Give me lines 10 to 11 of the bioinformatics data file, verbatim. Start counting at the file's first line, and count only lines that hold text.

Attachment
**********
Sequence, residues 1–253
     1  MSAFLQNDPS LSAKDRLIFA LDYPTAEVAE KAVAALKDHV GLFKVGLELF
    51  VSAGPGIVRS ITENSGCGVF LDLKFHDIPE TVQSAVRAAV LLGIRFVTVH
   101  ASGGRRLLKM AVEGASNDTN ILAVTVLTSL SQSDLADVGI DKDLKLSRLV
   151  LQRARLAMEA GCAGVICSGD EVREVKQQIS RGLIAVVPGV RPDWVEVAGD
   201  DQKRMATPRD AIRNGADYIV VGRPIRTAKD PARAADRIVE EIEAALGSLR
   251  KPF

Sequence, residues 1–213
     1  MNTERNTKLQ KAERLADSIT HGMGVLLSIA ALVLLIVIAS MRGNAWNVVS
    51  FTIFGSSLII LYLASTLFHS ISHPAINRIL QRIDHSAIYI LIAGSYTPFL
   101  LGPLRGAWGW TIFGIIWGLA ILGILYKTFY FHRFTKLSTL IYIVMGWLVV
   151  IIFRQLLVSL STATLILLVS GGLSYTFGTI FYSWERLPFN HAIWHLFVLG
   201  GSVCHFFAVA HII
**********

    51  FTIFGSSLII LYLASTLFHS ISHPAINRIL QRIDHSAIYI LIAGSYTPFL
   101  LGPLRGAWGW TIFGIIWGLA ILGILYKTFY FHRFTKLSTL IYIVMGWLVV